The most popular woman last week was no pop star at the MTV Music Awards - it was Hurricane Irene. She made headlines by slamming the east coast and leaving a path more destructive than an angry, drunk ex-girlfriend. If you had access to any type of media, then you undoubtedly saw the endless amount weather maps predicting her chaotic path of estrogen. Now, what you probably don’t know is how her path was plotted and predicted. The common misperception is that it’s mystically conjured by some tall, free-standing radar tower that spews out metrics onto a computer screen. Then, the graphs and numbers are interpreted by some college-boy-turned-local-weather-guy who sits behind the safety of his sleek news desk in a comfy pleather chair. Well, not so fast there college boy! These numbers would not exist if it weren’t for this squadron of former Navy pilots that flew a quad propeller air-beast straight into the eye of that scurvy wench. Luckily, I had a chance to catch up with these storm cowboys at the local watering hole last Friday.
Chris Kerns, Mark Sweeney, and Carl Newman of the NOAA (National Oceanic and Atmospheric Administration) Aircraft Operations Center at MacDill Air Force base in Tampa, FL weren’t hard to miss that night because they were the only ones there wearing navy blue jump suits. They were fresh off their final evening with Irene and were celebrating a job well done. I decided to break the ice. So, I bought the boys a round, walked up and spouted off, “So, what’s it like to fly space shuttles?”
They laughed and one of them replied, “Ha. Those guys are wimps. We fly planes into Cat. 5 hurricanes.” We all laughed and started talking beer. I complemented Mark and Chris on their dark beer choice which they told me was Newcastle. Carl was wielding his iPad 2 and pulled up a picture of the plane they fly. It’s a Lockheed WP-3D Orion with 44,600 horsepower turbo prop engines. It’s also specially outfitted with a slew of weather instruments and a radar dish on the bottom of the nose that I’m positive will still pick up any game even in any weather.
It quickly became apparent to me that these guys were a tight-knit crew and in their line of work, trust is king. If you’ve ever met a group of fire fighters, these guys reminded me a lot of them. In fact, Chris, the youngest of the group, was explaining to me how all the measurements were taken. Of course I nodded as if I understood the mish-mash of scientific terms that he was delivering. At one point, I think that he finally realized that there were no wheels turning behind my blank stare and he said in layman’s terms, “It’s kind of like bubbles coming up underneath the plane.” Big mistake.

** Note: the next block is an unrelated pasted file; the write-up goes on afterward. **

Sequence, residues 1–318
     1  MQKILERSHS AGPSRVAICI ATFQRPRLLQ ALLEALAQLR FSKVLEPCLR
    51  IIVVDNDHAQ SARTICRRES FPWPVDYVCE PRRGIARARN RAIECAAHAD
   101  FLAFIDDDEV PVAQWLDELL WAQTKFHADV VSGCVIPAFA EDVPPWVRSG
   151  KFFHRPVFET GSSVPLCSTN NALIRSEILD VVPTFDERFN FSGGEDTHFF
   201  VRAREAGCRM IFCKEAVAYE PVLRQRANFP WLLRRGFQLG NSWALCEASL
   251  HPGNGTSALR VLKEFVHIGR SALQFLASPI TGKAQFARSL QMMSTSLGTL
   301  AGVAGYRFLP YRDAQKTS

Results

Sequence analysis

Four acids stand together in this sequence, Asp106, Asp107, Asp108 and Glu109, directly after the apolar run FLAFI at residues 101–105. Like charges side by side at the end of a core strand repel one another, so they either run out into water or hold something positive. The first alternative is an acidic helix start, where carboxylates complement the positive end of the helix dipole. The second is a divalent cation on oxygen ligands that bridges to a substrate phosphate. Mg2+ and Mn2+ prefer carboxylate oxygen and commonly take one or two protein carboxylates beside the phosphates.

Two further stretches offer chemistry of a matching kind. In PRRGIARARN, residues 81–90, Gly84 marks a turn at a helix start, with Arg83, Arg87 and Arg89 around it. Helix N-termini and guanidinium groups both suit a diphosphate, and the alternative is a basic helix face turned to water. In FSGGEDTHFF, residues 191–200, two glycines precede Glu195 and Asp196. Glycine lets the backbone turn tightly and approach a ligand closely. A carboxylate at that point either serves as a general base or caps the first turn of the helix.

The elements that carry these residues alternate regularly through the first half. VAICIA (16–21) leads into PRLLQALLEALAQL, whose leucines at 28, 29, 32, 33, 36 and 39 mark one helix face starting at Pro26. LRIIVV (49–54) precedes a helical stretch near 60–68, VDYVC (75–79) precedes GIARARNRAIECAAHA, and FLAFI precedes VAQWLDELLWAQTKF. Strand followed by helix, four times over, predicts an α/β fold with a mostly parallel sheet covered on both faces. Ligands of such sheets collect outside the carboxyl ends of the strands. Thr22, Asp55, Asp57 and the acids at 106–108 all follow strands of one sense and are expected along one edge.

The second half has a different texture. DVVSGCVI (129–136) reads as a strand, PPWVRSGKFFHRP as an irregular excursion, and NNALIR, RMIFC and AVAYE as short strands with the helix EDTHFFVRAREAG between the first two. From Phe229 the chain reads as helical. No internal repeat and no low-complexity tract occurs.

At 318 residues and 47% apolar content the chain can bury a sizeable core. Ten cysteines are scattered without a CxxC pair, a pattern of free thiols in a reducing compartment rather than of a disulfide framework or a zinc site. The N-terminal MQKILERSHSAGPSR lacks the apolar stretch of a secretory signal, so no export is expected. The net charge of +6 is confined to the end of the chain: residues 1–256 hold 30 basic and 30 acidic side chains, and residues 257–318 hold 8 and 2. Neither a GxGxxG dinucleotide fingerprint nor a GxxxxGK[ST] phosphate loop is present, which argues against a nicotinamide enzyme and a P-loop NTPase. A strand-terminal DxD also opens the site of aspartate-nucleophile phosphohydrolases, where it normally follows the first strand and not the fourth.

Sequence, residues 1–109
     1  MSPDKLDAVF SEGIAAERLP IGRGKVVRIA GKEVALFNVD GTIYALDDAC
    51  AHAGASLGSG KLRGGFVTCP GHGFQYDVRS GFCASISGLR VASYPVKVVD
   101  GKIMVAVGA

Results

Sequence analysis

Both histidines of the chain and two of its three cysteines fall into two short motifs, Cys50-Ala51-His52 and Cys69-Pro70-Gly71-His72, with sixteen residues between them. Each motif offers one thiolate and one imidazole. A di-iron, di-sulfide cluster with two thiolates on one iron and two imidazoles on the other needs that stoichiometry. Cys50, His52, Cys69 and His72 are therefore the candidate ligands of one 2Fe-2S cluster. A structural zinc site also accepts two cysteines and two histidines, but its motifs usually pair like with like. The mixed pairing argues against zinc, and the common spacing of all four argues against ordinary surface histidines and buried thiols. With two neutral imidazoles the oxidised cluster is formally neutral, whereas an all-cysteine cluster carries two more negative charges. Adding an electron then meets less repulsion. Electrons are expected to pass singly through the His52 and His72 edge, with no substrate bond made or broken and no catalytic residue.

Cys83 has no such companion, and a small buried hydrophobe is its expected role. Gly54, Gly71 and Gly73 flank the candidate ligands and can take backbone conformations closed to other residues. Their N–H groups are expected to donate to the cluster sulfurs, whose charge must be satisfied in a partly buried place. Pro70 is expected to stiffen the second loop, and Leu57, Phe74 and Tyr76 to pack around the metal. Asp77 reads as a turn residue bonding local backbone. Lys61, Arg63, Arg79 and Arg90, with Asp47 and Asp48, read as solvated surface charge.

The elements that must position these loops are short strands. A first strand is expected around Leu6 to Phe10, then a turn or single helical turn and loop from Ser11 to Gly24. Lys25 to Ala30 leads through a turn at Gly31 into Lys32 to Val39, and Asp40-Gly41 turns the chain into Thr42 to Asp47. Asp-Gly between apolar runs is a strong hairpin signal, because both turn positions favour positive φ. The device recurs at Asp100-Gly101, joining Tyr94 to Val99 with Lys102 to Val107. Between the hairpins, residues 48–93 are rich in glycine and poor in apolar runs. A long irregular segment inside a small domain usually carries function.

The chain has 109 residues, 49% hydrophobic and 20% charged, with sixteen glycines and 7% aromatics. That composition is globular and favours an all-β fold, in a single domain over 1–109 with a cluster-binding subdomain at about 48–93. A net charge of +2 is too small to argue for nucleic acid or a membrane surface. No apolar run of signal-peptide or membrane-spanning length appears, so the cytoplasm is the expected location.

Without hesitation Carl, the squadron veteran, turned to Chris and said “Did you just say bubbles?”
Chris replied “Yeah, I’m just explaining how…”
Then he was immediately cut off by Mark who fired off “Don’t ever say ‘bubbles’ again.” There’s really nothing better than witnessing a little rookie hazing. Despite taking some crap, Chris laid the whole process out in dummy terms for me. Essentially, they fly through the storm at about 10,000 feet at different angles and release Dropwindsondes (radio transmitters with mini parachutes) into the eye of the the storm. Every time I talk to someone who I know has seen a thing or two, like a soldier, a police officer, or a pest control man, its always my knee jerk reaction to wonder what’s the craziest experience they have ever had. And, don’t lie to yourself, you think like this too. So, I asked the group what it was like to fly through a Category 5 hurricane to which Chris surprised me with his answer. “It’s actually a much smoother ride than for example a tropical storm. The strength of a storm is usually a reflection of how well it’s organized. So, naturally the more powerful a storm the more organized it is, thus providing a smother ride.”
OK, I’ll be honest with you, I really wanted to hear him say something more along the lines of “Well, the winds were so powerful the plane lost a propeller, an engine caught fire, and we nose dived into into a spiral until we were finally able to blast through the outer wall of the storm and limp back to base… but we still got the job done.” Oh well.
Just like the quarterback may be the fan favorite, no play develops without the offensive linemen grinding it out up front. And just like the local weather man, who plays Monday morning quarterback and prances in front of his green screen, is the town celebrity, the men of NOAA saddle a 135,000 pound flying mule hellbent on fetchen’ some pressure readings and other scientific stuff – without which that college boy can’t shine.
Their Mission: Fly in and out of Irene until they finally drop their load right into her eye. Mission Accomplished.